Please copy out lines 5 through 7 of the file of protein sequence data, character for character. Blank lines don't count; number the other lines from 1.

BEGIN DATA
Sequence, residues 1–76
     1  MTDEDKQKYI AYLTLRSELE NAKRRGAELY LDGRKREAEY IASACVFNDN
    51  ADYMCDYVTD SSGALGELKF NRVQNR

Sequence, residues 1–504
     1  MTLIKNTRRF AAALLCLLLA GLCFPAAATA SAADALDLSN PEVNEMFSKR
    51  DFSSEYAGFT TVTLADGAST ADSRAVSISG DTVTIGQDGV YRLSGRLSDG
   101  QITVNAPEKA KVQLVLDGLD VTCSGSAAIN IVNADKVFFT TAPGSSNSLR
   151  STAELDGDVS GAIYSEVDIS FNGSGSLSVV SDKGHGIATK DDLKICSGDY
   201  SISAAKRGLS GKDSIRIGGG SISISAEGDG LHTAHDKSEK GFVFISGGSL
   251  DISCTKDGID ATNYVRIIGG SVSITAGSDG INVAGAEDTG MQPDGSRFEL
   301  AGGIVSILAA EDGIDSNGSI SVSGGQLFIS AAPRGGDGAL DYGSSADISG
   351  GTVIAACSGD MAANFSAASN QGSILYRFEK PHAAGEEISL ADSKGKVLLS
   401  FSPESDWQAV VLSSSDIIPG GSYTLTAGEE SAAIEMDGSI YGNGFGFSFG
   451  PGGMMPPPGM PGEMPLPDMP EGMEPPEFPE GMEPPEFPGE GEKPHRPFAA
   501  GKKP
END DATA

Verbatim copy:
     1  MTLIKNTRRF AAALLCLLLA GLCFPAAATA SAADALDLSN PEVNEMFSKR
    51  DFSSEYAGFT TVTLADGAST ADSRAVSISG DTVTIGQDGV YRLSGRLSDG
   101  QITVNAPEKA KVQLVLDGLD VTCSGSAAIN IVNADKVFFT TAPGSSNSLR